8.2.3. Triggering widget events with _trigger()

8.3. Enabling, disabling, and destroying widgets

8.3.1. Enabling and disabling a widget

8.3.2. Undoing a widget’s effects with _destroy()

8.4. Summary

9. Extending widgets with the widget factory

9.1. Building widget extensions

9.1.1. Changing existing and adding new options to a widget

9.1.2. Redefining widgets with the widget factory

9.1.3. Extending a custom widget

9.2. Customizing widgets with extension points

9.2.1. Using undocumented extension points

9.2.2. Adding your own extension points

9.3. Extending the datepicker widget

9.3.1. Building a mobile-friendly datepicker extension

9.4. Summary

10. Preparing your application for production

10.1. The problem with third-party CDNs

10.2. Downloading jQuery UI from Download Builder

10.3. Managing JavaScript dependencies with AMD

10.3.1. Setting up RequireJS for development

10.3.2. Loading jQuery UI components with RequireJS

10.4. Building your application’s assets with the optimizer

10.4.1. Optimizing JavaScript assets

10.4.2. Optimizing CSS dependencies

10.5. Supporting AMD in custom widgets

10.6. Summary

11. Building a flight-search application

11.1. Structuring your application

11.2. Collecting user input

11.2.1. Building an airport code autocomplete

11.2.2. Polyfilling HTML5 inputs with jQuery UI

11.2.3. Validating user input with HTML5

11.3. Connecting to a RESTful API

11.3.1. Looking up flights with $.ajax()

11.3.2. Parsing XML with jQuery

11.4. Displaying the results on the screen

11.4.1. Storing and resolving templates with RequireJS

11.4.2. Showing a processing indicator while data loads

11.5. Adding a responsive design

11.6. Preparing the application for production

11.7. Getting the optimal performance with almond

11.8. Summary

12. Under the hood of jQuery UI

12.1. Positioning elements with the position utility

12.1.1. Building a UI walkthrough with the position utility and dialog widget

12.1.2. Handling collisions elegantly

12.1.3. Controlling the collision detection

12.2. Using the utility functionality in jQuery UI Core

12.2.1. Generating unique ids

12.2.2. Using key code constants

12.3. Accessing and managing widget instances

12.3.1. Detecting widget instances with :data()

12.4. Advanced widget prototype methods and properties

12.4.1. A widget’s prototype chain explained

12.4.2. Using a widget’s default element to streamline initialization

12.4.3. Supporting embedded-window use in widgets

12.4.4. Displaying elements with _show() and _hide()

12.4.5. Customizing options on the fly

12.5. Using autoinitialization to remove boilerplate code

12.5.1. How jQuery Mobile’s autoinitialization works

12.5.2. jQuery Mobile’s widget extension

12.5.3. Autoinitializing jQuery UI widgets

12.6. Summary

Appendix A: Learning jQuery

A.1. Experimentation

A.1.1. Try jQuery (try.jquery.com)

A.1.2. Online testing tools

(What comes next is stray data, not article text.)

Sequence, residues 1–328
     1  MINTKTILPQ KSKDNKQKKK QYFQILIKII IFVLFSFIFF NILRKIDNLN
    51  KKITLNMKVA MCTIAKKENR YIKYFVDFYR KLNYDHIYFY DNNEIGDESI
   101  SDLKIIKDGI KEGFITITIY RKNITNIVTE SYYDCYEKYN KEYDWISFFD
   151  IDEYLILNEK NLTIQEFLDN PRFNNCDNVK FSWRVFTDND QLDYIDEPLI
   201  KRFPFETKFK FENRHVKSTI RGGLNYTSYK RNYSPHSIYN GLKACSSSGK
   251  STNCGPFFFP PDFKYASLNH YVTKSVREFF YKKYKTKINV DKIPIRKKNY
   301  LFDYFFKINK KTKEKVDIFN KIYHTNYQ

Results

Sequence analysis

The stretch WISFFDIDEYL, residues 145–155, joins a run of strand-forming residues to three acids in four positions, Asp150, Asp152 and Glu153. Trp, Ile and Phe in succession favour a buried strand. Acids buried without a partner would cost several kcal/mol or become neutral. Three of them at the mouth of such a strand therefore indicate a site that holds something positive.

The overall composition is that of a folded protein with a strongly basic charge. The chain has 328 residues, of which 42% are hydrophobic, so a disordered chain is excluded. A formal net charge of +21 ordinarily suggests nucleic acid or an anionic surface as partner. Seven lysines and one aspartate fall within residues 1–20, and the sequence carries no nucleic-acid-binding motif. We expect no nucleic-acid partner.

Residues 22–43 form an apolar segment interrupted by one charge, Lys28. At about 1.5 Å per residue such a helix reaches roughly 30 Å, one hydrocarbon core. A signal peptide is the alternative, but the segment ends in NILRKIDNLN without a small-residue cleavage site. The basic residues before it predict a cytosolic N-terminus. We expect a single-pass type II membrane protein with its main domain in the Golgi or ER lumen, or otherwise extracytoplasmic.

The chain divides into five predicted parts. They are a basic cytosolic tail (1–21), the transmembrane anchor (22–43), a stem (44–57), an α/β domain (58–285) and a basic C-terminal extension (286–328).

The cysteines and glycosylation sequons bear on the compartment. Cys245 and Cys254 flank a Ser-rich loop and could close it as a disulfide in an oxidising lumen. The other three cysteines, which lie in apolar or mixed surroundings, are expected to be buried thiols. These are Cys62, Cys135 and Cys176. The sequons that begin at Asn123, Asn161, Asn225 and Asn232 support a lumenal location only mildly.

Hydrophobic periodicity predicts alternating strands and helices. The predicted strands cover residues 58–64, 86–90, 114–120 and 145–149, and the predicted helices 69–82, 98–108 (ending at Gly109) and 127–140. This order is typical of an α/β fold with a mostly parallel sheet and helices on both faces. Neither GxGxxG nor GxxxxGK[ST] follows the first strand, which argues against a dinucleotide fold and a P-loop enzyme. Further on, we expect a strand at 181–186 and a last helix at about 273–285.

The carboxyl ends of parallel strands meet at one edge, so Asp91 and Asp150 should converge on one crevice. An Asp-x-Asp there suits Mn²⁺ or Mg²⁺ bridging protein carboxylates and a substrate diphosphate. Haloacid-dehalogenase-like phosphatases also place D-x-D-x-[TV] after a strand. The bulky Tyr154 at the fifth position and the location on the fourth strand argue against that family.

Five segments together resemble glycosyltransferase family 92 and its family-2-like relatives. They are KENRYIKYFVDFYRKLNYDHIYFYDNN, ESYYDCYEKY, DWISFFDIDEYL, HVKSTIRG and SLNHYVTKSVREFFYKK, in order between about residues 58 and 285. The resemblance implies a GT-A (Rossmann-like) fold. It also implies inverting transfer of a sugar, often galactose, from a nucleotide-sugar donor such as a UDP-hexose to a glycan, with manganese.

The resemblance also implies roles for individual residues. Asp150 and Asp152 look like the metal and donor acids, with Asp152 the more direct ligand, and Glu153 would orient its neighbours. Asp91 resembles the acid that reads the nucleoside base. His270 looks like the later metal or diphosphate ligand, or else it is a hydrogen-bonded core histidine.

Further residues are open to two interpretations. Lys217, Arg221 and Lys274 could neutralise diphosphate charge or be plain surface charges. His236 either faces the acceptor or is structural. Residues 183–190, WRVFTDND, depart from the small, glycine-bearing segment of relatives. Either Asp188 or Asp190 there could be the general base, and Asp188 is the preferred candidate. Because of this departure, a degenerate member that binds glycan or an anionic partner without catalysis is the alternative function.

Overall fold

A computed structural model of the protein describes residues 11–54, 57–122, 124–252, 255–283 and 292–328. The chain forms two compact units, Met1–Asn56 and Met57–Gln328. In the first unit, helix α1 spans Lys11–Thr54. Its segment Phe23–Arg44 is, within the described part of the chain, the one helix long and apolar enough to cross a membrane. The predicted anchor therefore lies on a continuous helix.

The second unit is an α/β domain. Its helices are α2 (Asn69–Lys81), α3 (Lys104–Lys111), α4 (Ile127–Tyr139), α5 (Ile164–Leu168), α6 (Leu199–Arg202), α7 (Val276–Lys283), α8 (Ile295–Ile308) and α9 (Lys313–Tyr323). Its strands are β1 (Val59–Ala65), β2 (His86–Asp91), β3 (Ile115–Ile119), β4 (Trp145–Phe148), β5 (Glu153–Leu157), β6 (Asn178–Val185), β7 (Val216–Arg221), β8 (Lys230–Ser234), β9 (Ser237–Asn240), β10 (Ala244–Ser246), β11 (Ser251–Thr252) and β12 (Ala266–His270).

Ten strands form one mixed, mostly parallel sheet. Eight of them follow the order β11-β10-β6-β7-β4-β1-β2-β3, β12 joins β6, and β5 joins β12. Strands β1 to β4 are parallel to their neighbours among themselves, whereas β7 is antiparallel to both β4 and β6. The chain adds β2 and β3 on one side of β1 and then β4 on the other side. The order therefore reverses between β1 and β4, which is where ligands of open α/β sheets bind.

A.1.3. The browser’s developer tools

A.2. Reading

A.2.1. jQuery Learning Center (learn.jquery.com)

A.2.2. Books

Appendix B: How jQuery UI tests jQuery UI

B.1. Testing options

B.2. Testing methods

B.3. Testing events

Appendix C: Using jQuery UI with Backbone

C.1. Building a Backbone view

C.2. Adding jQuery UI to the view

C.3. Using declarative widgets

Appendix D: Creating decimal, currency, and time pickers with Globalize

D.1. Building decimal pickers

D.2. Building currency pickers

D.3. Building time pickers

Appendix E: Contributing to jQuery UI

E.1. Help others on the forums, Stack Overflow, and IRC

E.2. Triage bugs

E.3. Write documentation and maintain the websites

E.4. Write code

E.5. Ask for help

Appendix F: Polyfilling HTML5 with jQuery UI

F.1. Using polyfills

F.1.1. Using Modernizr

F.2. Polyfilling <input type="date"> with datepicker

F.3. Polyfilling <input type="number"> with spinner

F.4. Polyfilling <input type="range"> with slider

F.5. Polyfilling <progress> with progressbar

F.6. Polyfilling <datalist> with autocomplete

index

About the book

You're only one tag away from richer user interfaces — ‹script src="jquery-ui.js"›. The jQuery UI library simplifies web UI development by providing robust widgets, interactions, and effects you can use immediately. It includes datepickers, autocompletes, tooltips, and a whole lot more. And, jQuery UI's powerful widget factory makes it a snap to customize existing components to meet your needs.

jQuery UI in Action is a practical guide to using and customizing jQuery UI library components. By working through numerous examples, you'll quickly master jQuery UI's twelve widgets and five interactions—draggable, droppable, resizable, selectable, and sortable. The engaging examples illustrate techniques that work across all devices. You'll use the widget factory to create reusable plugins and discover jQuery UI's CSS theming system that allows you to create a custom, cohesive look for your sites and your applications.

What's inside

  • Create interactions that work on any device
  • Customizable widgets for web and mobile apps
  • Written by a member of the core jQuery UI team
  • Covers jQuery UI 1.11

About the reader

Written for front-end developers and web designers with a basic understanding of jQuery.

About the author

A professional web developer, TJ VanToll is a member of the jQuery UI core team.


combo $44.99 pBook + eBook
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A complete and detailed guide to writing web user interfaces.

Gregor Zurowski, Sotheby’s

Excellent, in-depth explanations of jQuery UI’s inner workings.

Linda Carver, Wicked Coursing LLC

Articulate, well-organized, easy to read, and thorough.

Philip Taffet, SOHOsoft LLC